Thursday 27 June 2019

#BlogTour Distant Signs by Anne Richter

Today it's my turn on the BlogTour Distant Signs by Anne Richter.Translated from German by Douglas Irving. It's literary and historical fiction.
About the Author
Anne Richter was born in 1973 in Jena, in the former German Democratic Republic. Her degree in Romance languages and English included study periods in England, Italy and France. In 2011, Anne was nominated for the Ingeborg Bachmann Prize, a highly regarded German-language literary award. Her debut novel, Distant Signs, was published in Germany in 2013. Anne is currently writing her second novel.
Buy Distant Signs

About the book
Historic fiction and family saga from East Germany post WWII to just after the fall of the Berlin Wall.

Distant Signs provides us with an intimate portrait of families across three generations. In 1960s East
Germany, Margret, a professor’s daughter from the city, meets and marries Hans, from a small village in Thuringia. The couple struggle to contend with their different backgrounds, and the emotional scars they bear from childhood in the aftermath of war. As East German history gradually unravels, with collision of the personal and political, acutely observed vigne Kes quietly reveal their two families’ hidden truths.

I spent over three decades in West-Germany or BRD (Bundesrepublik Deutschland). I was a few years older than the author when the Berlin Wall came down. It's hard for people outside the country to understand how much of an impact the division of the country has had on the German people.

Even now, years after the fall of the wall, they still make the distinction between East and West.
As I was growing up it was referred to as Dunkel Deutschland - Dark Germany, mainly because of the oppressive regime the other side of the wall lived under.

I can remember a young girl joining our school, her family was from East Germany, she turned up in her Young Pioneers uniform. She sat there in a uniform donned with a blue neckerchief in the midst of a room full of kids dressed in a variety of clothes and colours. It never dawned on me at the time to question the how or the why.

It's also important to know that the focus in history lessons and books was on the division of the country, whereas the sordid details of WW2 weren't a focus in the curriculum. In the last few decades this has changed and there is a lot of reflection by younger generations determined to deal with the past.

I digress. (As per usual)

Although the above may seem like my usual meanderings, it is important to comprehend that everyone suffers in wartime. I think the author has purposely started this story in the aftermath of the war, so the focus will be on the Germans, as opposed to the Allies and the victims of the Nazi regime.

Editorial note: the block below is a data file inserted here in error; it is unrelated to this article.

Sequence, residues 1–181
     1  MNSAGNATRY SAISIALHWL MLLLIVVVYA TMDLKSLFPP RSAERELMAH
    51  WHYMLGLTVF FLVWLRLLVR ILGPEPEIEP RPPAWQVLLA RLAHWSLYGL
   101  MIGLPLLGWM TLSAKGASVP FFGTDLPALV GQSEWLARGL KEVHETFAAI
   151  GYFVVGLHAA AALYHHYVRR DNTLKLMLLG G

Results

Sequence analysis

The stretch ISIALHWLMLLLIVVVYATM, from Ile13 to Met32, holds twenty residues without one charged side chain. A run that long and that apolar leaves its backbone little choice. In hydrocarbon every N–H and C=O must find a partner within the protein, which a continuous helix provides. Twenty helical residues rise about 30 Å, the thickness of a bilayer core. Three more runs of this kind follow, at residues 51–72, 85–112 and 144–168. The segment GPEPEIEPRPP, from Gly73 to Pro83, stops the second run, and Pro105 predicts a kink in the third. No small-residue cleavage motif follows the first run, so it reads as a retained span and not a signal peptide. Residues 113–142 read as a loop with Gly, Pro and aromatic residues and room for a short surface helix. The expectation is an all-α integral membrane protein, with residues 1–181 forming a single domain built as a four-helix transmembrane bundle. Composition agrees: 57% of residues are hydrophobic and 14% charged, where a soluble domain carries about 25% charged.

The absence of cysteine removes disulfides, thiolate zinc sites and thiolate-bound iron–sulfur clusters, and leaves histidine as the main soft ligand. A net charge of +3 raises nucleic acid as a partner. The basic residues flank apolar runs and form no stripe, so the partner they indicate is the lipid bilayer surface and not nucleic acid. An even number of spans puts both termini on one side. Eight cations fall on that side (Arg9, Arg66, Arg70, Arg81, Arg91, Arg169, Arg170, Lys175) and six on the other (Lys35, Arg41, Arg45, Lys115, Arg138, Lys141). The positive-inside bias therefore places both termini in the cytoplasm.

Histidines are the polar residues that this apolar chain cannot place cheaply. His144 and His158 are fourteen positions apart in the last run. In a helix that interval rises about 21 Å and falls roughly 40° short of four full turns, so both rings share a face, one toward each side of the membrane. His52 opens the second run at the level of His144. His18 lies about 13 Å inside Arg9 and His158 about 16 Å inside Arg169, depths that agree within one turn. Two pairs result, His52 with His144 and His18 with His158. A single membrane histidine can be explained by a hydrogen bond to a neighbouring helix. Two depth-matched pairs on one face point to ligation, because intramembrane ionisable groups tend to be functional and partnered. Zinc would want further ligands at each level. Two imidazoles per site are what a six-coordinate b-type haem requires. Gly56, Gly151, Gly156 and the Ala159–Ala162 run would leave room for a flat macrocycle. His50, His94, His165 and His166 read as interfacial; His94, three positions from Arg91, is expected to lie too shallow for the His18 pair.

The attempt to get the reader to envision the characters as victims, and not just as perpetrators or part of said regime. This is especially evident in the stories of Friedrich and Johanna. Friedrich's account of the Trümmerfrauen and their children, of Johanna and their children starving and without a home.

The same can be said for Hans and Margret, who experience the trauma of war in a completely different way and are both defined by their experiences. As we move further into the future the insidious nature of East Germany becomes almost synonymous with the oppressive regime they thought they had left behind, but wasn't too different - barring the genocide of course.

It's literary and historical fiction. Relationships built on the fraught emotional remains of traumatised children, young people and adults. I think it's probably better to have some historical references or knowledge going into the read, if only for the reason mentioned above.

It's hard to separate the more horrific narrative from the simple fact that Richter wants the reader to experience the characters and their story as individuals without the added connotations of mass-murder. It can however be done. I would love to read it in the original language too.

Buy Distant Signs at Amazon Uk or go to Goodreads for any other retailer. Buy at Amazon com. Publisher: Neem Tree Press Limited pub date 21 Feb. 2019. Hardback Price £14.99, eBook price £8.99

About the translator - Douglas Irving
Douglas Irving is Scottish. He studied German and Spanish at Aberdeen University. In 2014 he completed a Masters in Translation at Glasgow University. His first translation, Crossing: A Love Story by Anna Seghers was published in 2016 in the US to positive reviews. His translation of Anna Seghers’ last work published in her lifetime, Three Women from Haiti, is set to follow.

Neem Tree Press
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